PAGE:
Hey, keep this up and we can be there soon! Next thing, realistic cap on housing benefit that will force rents down. Thats got to be worth a few £bn

  • rate this
    +2

    Comment number 186.

    Let's suppose we relocated Parliament and all government departments and agencies to Birmingham. Do you think there would be the same London bias as exists now? Of course not, and it would drive real regeneration of the Midlands and North. We might even re-route HS2 away from London altogether and link it straight to HS1 and the continent. That would save a lot of cost and disruption.

  • rate this
    -4

    Comment number 185.

    183.Gammarus
    "Not a problem at all. Won't take many people to take control of the Thames barrier. Can then charge Londoners whatever we like to keep it working, or drown."

    I doubt there'd be the brains to be able to locate it.

  • rate this
    +4

    Comment number 184.

    Well, we can cut the deficit by £564 million. After all, most of us see little of it.

  • rate this
    0

    Comment number 183.

    173. Come the Glorious Day
    "Unfortuantely without the taxes that London generates you won't be employ anyone to man the borders."

    Not a problem at all. Won't take many people to take control of the Thames barrier. Can then charge Londoners whatever we like to keep it working, or drown.

  • rate this
    +5

    Comment number 182.

    Of course, the arts budget should reach the "regions", but people don't necessarily visit places JUST to see the museums and art galleries - you need good restaurants and cafes, pleasant places to stay, easy access etc. One of the best art trips I've had was recently to the magnificent Salts Mill gallery - I'd recommend it to anyone because the town it's in, Saltaire, is also very pleasant..

  • rate this
    -2

    Comment number 181.

    People assume that Londoners "don't get out much" tell me the great and the good of the "rest of the country" how far do YOU go for your holidays and cultural breaks?

  • rate this
    +5

    Comment number 180.

    Of course there's a London bias, in arts & culture funding & many other fields. Where are the relevant government departments and agencies based? London, of course! It's time these people in their little London bubble got out and appreciated the culture & contribution to national life of great cities like Birmingham, Manchester, Glasgow and Liverpool. We're not all ignorant peasants & labourers.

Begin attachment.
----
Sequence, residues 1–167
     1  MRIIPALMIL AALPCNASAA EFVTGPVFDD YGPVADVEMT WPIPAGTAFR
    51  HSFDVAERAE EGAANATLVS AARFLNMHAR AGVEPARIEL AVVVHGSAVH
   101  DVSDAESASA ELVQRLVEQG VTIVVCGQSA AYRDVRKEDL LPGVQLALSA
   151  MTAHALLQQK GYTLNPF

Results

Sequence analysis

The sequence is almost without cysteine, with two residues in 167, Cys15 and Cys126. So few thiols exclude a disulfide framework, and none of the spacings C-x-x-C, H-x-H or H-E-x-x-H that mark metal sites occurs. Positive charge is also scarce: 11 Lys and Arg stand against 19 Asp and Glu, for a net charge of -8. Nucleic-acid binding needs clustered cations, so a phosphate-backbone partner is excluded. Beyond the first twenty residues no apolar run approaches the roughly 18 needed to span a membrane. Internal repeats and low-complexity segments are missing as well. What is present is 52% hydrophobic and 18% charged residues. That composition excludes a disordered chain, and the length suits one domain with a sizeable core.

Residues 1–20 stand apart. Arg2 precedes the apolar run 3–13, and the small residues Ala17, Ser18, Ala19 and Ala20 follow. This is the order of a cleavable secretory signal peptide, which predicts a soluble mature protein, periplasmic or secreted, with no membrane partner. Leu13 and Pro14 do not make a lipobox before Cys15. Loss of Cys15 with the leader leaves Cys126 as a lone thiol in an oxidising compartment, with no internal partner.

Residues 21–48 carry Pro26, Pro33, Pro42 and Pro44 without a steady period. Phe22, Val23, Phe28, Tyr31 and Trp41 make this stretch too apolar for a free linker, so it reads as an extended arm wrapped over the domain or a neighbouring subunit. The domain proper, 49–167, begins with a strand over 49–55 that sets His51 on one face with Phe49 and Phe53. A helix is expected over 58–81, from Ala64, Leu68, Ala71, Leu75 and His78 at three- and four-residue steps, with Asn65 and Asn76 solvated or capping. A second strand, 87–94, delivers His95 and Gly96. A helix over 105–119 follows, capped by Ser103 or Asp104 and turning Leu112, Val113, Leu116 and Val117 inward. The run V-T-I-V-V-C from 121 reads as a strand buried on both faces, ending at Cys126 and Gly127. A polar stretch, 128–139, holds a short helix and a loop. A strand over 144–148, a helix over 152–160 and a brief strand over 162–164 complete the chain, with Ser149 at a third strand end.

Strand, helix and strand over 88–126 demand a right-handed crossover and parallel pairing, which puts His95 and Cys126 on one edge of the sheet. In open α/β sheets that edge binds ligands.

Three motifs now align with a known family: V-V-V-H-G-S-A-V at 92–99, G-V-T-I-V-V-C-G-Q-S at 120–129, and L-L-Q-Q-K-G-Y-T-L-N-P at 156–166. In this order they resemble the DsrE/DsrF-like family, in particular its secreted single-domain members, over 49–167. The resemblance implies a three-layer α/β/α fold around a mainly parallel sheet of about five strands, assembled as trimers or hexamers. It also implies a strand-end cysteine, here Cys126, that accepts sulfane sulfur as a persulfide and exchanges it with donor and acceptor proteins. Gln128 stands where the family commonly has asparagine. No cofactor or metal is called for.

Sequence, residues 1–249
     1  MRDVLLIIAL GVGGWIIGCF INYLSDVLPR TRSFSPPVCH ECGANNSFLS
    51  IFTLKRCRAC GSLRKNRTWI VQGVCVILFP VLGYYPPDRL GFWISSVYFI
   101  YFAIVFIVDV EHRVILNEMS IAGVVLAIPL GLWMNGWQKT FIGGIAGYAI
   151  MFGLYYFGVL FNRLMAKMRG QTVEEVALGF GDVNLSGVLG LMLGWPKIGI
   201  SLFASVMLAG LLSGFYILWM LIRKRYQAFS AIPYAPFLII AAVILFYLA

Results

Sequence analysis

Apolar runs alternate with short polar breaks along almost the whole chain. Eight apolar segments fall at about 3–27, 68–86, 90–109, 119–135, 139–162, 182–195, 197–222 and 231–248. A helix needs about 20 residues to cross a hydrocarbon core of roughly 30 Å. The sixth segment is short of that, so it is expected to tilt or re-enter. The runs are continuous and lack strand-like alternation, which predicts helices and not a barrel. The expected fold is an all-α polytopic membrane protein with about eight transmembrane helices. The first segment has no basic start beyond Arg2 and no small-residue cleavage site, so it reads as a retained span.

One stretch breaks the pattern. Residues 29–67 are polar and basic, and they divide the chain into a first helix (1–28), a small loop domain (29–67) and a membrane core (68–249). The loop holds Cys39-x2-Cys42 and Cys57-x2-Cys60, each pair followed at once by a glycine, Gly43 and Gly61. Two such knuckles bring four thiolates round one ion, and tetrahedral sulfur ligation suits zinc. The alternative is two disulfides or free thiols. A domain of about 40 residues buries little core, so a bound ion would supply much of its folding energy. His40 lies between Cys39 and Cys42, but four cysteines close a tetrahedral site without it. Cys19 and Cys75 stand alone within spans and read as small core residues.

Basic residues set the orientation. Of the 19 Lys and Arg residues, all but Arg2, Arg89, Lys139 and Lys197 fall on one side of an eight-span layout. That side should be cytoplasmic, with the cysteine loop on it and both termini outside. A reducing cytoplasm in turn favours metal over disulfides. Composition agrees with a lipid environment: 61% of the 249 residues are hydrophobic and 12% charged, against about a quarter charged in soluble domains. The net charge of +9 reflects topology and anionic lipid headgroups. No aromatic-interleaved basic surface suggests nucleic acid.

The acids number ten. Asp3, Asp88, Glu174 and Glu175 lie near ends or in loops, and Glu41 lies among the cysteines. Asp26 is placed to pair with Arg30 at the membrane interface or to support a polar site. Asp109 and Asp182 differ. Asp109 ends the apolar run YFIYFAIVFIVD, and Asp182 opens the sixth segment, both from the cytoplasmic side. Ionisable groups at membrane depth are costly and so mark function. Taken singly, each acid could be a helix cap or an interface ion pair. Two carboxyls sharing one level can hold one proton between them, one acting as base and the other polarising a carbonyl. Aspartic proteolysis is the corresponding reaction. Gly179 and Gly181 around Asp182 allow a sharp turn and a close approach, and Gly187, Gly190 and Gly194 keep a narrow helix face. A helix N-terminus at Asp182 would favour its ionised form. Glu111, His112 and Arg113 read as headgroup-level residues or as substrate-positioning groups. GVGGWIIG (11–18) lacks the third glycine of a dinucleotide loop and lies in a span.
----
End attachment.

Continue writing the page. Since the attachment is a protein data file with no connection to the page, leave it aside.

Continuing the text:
• rate this
    -2

    Comment number 179.

    Look at the facts Greater London area 9,787,426 people,Glasgow 1,168,270 Manchester 2,553,379 Birmingham 2,440,986 Liverpool 864,122 Tyneside 774,891 Belfast 579,554 Cardiff 447,287. Plus the tourist. Work it out on what the return is not what it costs.

  • rate this
    +3

    Comment number 178.

    36. mayfield
    COMMENT NUMBER 36 IS AN EDITORS' PICK
    2 HOURS AGO
    It is not surprising really. London is our capital city.

    I suspect that really depends on your perspective, at least a third of Scotland don't think it is. Also this points out something that sums up London greed.

  • rate this
    -1

    Comment number 177.

    Sure a £10 a year annual membership fee giving you free access to all museums (Under 16s free) would raise a substantial amount of money and pay for itself in the first year?

  • rate this
    +9

    Comment number 176.

    So a report says too much English tax payer’s money is being thrown at London?

    Why is this news?

  • rate this
    +10

    Comment number 175.

    There was just the same bias when the London Olympics sucked up Lottery funds that were supposed to be used for smaller projects aound the country.

  • rate this
    0

    Comment number 174.

    A ?,what is the spending around the world in other rich and developed countries as far as their capital cities are concerned?

  • rate this
    -1

    Comment number 173.

    170.Gammarus
    "The last census revealed that London now has more foreigners than indigenous population, so I propose it now be classed as outside of the UK and subject to strict border controls etc."

    Unfortuantely without the taxes that London generates you won't be employ anyone to man the borders.

  • rate this
    +10

    Comment number 172.

    FAR TOO MUCH ALWAYS GOES TO LONDON !!!

    The vast majority of us DO NOT LIVE IN LONDON.

  • rate this
    +5

    Comment number 171.

    166 Nick - Feel free to make a case for a new Tate modern in Cumbria - I'd give it 1 year

    Tate Liverpool, opened 1988 and still going strong!

    The regions have culture, and can survive, its just that London steals the best. Just look at the Lindisfarne Gospels, for once it was actually allowed to be displayed in the NE. Crowds were massive. Why not leave it there all the time?

  • rate this
    +8

    Comment number 170.

    The last census revealed that London now has more foreigners than indigenous population, so I propose it now be classed as outside of the UK and subject to strict border controls etc.

  • rate this
    +3

    Comment number 169.

    HM Government e-petition "UK independents from London"

    A great Idea!!!! especially for house prices!

 

Page 9 of 18

 

More Entertainment & Arts stories

RSS

Features

BBC © 2014 The BBC is not responsible for the content of external sites. Read more.

This page is best viewed in an up-to-date web browser with style sheets (CSS) enabled. While you will be able to view the content of this page in your current browser, you will not be able to get the full visual experience. Please consider upgrading your browser software or enabling style sheets (CSS) if you are able to do so.